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To Maureen Joyce McKenna “theater matters.”
Ben Kendall


Adobe Rose’s first show does some heavy social-issue lifting

January 13, 2016, 12:00 am

If you find yourself standing in the 1200 block of Parkway Drive and take a look around, you’ll see the kinds of nondescript businesses that tend to reside in an industrial area: hardware, surveying, technology consulting, car repair and theater. Wait, what? Theater?

Yes. That’s right. It’s the latest arts venture to spring up in the neighborhood along the Siler Road metamorphosing before our eyes.

The Adobe Rose Theater is slowly powering-up for its inaugural show, Luna Gale, by Rebecca Gilman, hitting the stage next Wednesday, Jan. 21.

“I really love socially relevant theater. [Gilman] really attacks social issues. You will see everybody in the play is imperfect and doing their best,” says Maureen Joyce McKenna, founder of the Adobe Rose. “Theater at its best is a visceral experience. It’s not two-dimensional like television. It’s an intimate space, and the audience becomes a character in the play.”

The gist of Luna Gale is: Meth heads have baby, baby is given to social services, social services temporarily places baby with mother of meth head, meth heads hate the religious bent of said mother, social worker caught in the middle, drama ensues. It’s a story arc that would be well suited to a Law and Order episode or a neo-noir film. Taking aim at child protective services and the religious right at the same time, it’s a heavy subject for a new theater right out of the gate.

“Gilman wanted people to look at the system, and to see how hard everybody is trying to make it work, but without funding, and without backing, and there’s always strings attached,” says Sabina Dunn, who plays the beleaguered social worker, Caroline. “And with the Christian thing, which is often the only kind of support poorer people have, without access to expensive mental health care, that there are strings attached to that too. People have very little [in the way of] resources to turn to.”

“Good theater teaches empathy. You get to understand somebody that you might not like; gives you the chance to walk in somebody else’s shoes,” says McKenna.

The evangelical Christian church features prominently in the production. Adam Harvey plays a minister with good yet skewed intentions toward the child.

“The issue, of course, that we’re dealing with now is that there’s a massive mistrust of any government agency in general. It’s pretty clear that these faith-based organizations are emboldened and empowered to take control. They have a lot more resources at their fingertips,” says Harvey.

The design of the theater itself is compelling. Intended as a “green” theater, the waste it would otherwise generate by set production is reduced via reusable and reconfigurable props and digitally projected mise-en-scène. This allows for a shift of perspective without the necessity for constructing separate scenery flats.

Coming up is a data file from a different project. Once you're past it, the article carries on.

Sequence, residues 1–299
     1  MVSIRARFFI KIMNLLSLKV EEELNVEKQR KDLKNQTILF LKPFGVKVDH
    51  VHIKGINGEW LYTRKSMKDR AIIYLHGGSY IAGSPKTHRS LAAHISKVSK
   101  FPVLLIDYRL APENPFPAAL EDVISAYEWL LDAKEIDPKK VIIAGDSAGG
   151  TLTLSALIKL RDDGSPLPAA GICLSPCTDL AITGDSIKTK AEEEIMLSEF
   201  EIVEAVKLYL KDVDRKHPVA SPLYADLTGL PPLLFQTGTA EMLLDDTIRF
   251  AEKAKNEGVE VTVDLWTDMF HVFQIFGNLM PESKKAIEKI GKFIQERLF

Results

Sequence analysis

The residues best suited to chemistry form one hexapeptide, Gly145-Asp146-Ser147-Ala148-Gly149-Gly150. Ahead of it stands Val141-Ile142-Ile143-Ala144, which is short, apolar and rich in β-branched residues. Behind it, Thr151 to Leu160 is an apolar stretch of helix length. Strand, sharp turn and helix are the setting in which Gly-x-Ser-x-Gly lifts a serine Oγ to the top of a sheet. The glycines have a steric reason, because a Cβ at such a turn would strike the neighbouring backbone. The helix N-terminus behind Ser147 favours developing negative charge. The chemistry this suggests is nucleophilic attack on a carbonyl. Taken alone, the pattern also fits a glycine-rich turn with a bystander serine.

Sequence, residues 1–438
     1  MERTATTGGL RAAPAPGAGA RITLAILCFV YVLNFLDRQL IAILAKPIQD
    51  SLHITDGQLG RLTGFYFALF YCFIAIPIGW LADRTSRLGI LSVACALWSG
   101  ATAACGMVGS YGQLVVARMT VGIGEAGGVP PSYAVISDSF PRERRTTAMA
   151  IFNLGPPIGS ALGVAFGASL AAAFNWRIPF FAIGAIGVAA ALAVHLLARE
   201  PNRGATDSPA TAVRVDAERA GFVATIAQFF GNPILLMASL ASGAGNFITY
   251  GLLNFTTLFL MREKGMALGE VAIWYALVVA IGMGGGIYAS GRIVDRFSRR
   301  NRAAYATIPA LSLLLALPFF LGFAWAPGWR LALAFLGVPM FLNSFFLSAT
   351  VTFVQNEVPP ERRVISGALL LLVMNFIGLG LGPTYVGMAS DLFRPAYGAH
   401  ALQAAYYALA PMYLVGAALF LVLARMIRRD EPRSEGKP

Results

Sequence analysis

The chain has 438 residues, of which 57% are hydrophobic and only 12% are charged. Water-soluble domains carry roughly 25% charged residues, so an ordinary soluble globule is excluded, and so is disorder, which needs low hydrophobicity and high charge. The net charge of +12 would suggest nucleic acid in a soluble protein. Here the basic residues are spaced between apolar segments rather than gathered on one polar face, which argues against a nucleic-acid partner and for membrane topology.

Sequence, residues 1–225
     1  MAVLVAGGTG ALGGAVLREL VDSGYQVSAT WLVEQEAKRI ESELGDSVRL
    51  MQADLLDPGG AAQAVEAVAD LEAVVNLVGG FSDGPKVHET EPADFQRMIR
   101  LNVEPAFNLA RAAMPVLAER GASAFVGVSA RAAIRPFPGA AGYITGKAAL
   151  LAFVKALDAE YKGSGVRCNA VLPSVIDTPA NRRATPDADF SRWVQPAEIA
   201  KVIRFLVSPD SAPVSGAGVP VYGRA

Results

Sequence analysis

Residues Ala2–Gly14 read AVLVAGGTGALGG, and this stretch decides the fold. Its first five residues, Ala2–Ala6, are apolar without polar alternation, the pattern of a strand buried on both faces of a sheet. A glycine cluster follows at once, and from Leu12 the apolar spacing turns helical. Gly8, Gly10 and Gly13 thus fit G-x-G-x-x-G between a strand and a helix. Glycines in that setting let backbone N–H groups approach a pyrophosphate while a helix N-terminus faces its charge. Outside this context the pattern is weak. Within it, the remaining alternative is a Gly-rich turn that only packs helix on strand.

“It’s an incredibly wasteful process. A show runs for five or six weeks, unless you’re Phantom of the Opera and then you run for years, and then everything is just trashed. There’s got to be a better way,” says veteran theater designer Geoff Webb, who created the sets. The solution was to use small digital projectors to cast still images against two screens suspended from the ceiling. “There’s no painting involved; the screens can be used show after show.”

For the initial show, all wardrobe and set furniture (aside from a clever table that has been custom-made for Transformer-like mutability) either belongs to the cast or is bought from Goodwill, with plans to re-donate them after the show runs its course.

Adobe Rose also plans to offer classes in acting, directing, theater tech and other aspects of stage production starting in February, a plan that McKenna says allows for an organic growth of talent coming from inside its own walls. That, combined with a proposal to pay actors an Equity-level salary and offer more union opportunities, is part of how she aims to take Santa Fe theater to a whole new level.

“As an actor, I know how important it is to pay your actors. I would like it to be possible to put a life together here. So far, that’s not possible. Everybody has at least one job, rehearsals can only happen at night,” McKenna says. “Community theater is great, but that’s not what we’re doing here.”

McKenna takes no salary in an effort to keep administrative costs low. For her, the stage is a labor of love.

“The capital investment here is my own. My husband [Adobe Rose president and screenwriter Bruce McKenna] and I made this ourselves as a gift to our community.”

Luna Gale
7:30 pm Thursdays-Saturdays, Jan. 21-Feb. 6
3 pm Sundays, Jan. 24 and 31
Adobe Rose Theater
1213 Parkway Drive, Ste. B


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